Last year, an actor playing the late Alan Selby, beloved leather daddy and AIDS activist, interacted with an audience member "shopping" in Selby's store, Mr. S Leather.
"It's always a wild card," said Eisen, recalling the scene. "You don't know how people will react, who should be chosen to participate…[this time] we'll ask people to dress up, pick participants at the beginning of the show, prepare them so they're ready when Mr. S asks them if daddy can give them anything."
The online pre-show will also include cocktail-making demonstrations and the invitation to dress for and possibly participate in other scenes, such as one that takes place in Labyris Auto Repair, the first women-owned and operated automobile maintenance shop in San Francisco. From 1977 to 1988, Labyris was co-owned by Nancy Rupprecht, who Eisen sought out and interviewed after seeing a photo of her that taken by Janet Delaney and displayed at the De Young Museum.
"We created a scene with a fictionalized version of Nancy training a young lesbian in auto repair," said Soehnlein. "A customer comes in, sent by her husband to find her car, and it becomes a sort of sit-com where the customer wants to talk to the owner, who of course couldn't be a woman."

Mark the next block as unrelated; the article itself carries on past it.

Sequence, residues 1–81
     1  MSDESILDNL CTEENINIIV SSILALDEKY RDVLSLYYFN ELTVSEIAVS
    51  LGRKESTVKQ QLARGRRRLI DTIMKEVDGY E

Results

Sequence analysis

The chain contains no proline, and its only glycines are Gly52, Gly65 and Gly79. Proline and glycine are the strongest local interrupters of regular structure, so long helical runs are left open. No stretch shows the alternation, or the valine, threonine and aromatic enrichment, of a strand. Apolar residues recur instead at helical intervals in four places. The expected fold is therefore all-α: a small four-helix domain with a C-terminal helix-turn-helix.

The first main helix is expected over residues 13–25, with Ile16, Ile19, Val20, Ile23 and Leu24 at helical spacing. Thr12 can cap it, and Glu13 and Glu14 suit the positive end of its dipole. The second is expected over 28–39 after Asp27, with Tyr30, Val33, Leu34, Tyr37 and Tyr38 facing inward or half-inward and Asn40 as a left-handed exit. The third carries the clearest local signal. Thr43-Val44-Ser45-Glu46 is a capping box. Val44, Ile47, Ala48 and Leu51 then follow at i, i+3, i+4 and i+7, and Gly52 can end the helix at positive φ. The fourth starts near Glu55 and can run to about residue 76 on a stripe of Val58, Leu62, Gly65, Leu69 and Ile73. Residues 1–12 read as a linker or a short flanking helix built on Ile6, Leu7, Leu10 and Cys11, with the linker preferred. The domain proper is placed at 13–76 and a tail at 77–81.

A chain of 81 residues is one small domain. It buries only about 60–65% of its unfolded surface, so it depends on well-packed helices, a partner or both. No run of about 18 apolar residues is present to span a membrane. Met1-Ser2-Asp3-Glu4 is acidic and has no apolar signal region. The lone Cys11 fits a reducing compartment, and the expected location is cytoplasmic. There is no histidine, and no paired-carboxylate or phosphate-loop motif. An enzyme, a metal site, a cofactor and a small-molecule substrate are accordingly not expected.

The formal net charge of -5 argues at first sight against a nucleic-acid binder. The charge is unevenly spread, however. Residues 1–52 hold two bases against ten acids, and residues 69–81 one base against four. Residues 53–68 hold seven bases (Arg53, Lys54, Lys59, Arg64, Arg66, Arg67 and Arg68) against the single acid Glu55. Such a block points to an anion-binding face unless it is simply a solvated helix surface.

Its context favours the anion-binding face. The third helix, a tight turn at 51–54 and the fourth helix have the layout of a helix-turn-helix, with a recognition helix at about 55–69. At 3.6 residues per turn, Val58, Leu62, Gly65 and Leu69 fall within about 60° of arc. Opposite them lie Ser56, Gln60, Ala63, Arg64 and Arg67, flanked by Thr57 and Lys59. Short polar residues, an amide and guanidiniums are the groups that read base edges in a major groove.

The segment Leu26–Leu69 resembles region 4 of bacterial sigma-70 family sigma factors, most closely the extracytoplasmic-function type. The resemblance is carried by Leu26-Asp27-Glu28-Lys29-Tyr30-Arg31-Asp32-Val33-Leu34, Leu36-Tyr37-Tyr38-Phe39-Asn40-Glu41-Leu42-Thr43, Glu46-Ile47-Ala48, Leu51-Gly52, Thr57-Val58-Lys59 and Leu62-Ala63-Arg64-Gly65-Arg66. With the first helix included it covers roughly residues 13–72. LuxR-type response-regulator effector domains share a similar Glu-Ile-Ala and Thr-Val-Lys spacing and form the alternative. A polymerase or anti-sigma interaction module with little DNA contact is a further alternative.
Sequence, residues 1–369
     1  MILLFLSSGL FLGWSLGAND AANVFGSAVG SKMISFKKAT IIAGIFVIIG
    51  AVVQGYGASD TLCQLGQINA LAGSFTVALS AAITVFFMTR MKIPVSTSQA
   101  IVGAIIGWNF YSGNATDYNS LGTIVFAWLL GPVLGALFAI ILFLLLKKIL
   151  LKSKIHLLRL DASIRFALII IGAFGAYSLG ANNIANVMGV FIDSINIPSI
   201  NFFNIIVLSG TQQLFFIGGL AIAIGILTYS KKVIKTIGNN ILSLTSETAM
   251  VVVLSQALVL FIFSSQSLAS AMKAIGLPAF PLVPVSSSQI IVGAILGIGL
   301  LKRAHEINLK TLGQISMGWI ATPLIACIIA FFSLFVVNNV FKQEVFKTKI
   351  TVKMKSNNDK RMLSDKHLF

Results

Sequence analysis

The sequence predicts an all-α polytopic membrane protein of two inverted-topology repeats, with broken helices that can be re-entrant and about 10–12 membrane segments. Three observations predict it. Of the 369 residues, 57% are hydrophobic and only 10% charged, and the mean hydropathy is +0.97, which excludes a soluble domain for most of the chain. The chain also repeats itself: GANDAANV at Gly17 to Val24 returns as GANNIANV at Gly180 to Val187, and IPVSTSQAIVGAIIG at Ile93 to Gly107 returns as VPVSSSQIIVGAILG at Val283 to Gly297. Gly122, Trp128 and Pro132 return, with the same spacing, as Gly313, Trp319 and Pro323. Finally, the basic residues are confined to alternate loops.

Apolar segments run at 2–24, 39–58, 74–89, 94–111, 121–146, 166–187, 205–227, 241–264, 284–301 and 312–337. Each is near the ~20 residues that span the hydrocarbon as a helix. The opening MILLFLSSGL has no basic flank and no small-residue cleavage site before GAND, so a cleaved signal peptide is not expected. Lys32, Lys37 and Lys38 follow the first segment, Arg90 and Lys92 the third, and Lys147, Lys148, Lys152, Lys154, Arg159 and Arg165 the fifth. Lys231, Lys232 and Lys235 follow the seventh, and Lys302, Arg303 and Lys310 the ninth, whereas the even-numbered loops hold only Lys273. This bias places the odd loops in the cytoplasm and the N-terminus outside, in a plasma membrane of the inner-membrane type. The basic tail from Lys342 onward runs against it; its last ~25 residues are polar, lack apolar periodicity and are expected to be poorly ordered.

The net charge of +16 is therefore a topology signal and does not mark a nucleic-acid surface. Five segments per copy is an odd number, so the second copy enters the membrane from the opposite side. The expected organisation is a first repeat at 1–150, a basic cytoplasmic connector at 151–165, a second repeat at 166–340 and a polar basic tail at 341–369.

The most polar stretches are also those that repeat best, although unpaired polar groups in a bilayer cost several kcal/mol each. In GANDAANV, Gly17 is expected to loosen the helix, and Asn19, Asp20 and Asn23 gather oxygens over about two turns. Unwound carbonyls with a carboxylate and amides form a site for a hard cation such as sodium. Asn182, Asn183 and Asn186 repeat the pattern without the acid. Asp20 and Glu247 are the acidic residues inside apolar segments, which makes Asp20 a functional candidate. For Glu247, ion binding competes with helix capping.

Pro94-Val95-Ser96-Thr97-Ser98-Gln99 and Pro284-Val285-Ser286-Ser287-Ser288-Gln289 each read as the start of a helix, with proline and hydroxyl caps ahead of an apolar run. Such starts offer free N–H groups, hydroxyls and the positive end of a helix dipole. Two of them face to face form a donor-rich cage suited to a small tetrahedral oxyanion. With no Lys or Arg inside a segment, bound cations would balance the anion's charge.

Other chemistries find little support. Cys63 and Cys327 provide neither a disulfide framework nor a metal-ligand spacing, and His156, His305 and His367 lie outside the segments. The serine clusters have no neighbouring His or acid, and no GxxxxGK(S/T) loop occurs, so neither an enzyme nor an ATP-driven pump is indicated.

The long list of pivotal members of the SoMa community interviewed by Eisen and Soehnlein also includes Kathleen Connell, who founded the Folsom Street Fair with Michael Valerio in 1984 as a way to raise funds to fight redevelopment. Connell and Valerio were housing rights activists protecting vulnerable people against eviction, defending migrant worker rights, and fundraising to address AIDS. The fair became the fourth largest fundraising event in the country—30,000 people attended in the first year.
"Leather was kind of an aside initially," said Eisen, noting that during the online show, community members will take a moment to envision a future for SoMa that honors the radical possibilities reflected in its remarkable history. "The heart of this piece is how we've come together as a community to help each other in times of need and to solve social problems."
Out of Site: SOMA will eventually take place in person again, but from June 19th to 28th, you can tune in from the comfort of your own home. Following the ethos of The Stud, noted on the hand-painted sign recently removed from above its entrance, everyone is welcome. So log in, add your own flavor of the rainbow, and celebrate what's possible when we work together to make the world we want to live in.
You are also welcome and encouraged to support Eisen's company, Eye-Zen Productions, by making a donation to sustain live (and live-streaming) performance art honoring the history of resistance and the multivalent and multiplicitous humanity we share.